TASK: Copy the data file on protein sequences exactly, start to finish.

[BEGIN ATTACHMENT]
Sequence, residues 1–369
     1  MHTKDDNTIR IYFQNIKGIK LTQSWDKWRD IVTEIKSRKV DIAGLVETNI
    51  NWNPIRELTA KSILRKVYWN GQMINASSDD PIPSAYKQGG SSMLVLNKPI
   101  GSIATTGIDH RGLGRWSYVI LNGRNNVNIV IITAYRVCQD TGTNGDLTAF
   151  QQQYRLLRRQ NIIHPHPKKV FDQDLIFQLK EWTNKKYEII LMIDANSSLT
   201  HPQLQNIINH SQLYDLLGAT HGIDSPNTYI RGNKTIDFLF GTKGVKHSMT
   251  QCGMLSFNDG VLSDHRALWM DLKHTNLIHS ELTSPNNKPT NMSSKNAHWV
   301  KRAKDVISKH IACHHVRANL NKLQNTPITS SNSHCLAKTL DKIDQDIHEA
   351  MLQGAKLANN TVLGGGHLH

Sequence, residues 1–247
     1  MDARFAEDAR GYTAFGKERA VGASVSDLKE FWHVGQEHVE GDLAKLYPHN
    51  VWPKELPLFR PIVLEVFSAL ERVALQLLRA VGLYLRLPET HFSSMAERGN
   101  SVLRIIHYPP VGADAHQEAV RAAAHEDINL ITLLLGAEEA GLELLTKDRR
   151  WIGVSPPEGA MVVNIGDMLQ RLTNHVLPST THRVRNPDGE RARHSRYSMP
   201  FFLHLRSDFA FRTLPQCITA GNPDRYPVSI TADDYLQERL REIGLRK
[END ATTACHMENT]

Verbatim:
Sequence, residues 1–369
     1  MHTKDDNTIR IYFQNIKGIK LTQSWDKWRD IVTEIKSRKV DIAGLVETNI
    51  NWNPIRELTA KSILRKVYWN GQMINASSDD PIPSAYKQGG SSMLVLNKPI
   101  GSIATTGIDH RGLGRWSYVI LNGRNNVNIV IITAYRVCQD TGTNGDLTAF
   151  QQQYRLLRRQ NIIHPHPKKV FDQDLIFQLK EWTNKKYEII LMIDANSSLT
   201  HPQLQNIINH SQLYDLLGAT HGIDSPNTYI RGNKTIDFLF GTKGVKHSMT
   251  QCGMLSFNDG VLSDHRALWM DLKHTNLIHS ELTSPNNKPT NMSSKNAHWV
   301  KRAKDVISKH IACHHVRANL NKLQNTPITS SNSHCLAKTL DKIDQDIHEA
   351  MLQGAKLANN TVLGGGHLH

Sequence, residues 1–247
     1  MDARFAEDAR GYTAFGKERA VGASVSDLKE FWHVGQEHVE GDLAKLYPHN
    51  VWPKELPLFR PIVLEVFSAL ERVALQLLRA VGLYLRLPET HFSSMAERGN
   101  SVLRIIHYPP VGADAHQEAV RAAAHEDINL ITLLLGAEEA GLELLTKDRR
   151  WIGVSPPEGA MVVNIGDMLQ RLTNHVLPST THRVRNPDGE RARHSRYSMP
   201  FFLHLRSDFA FRTLPQCITA GNPDRYPVSI TADDYLQERL REIGLRK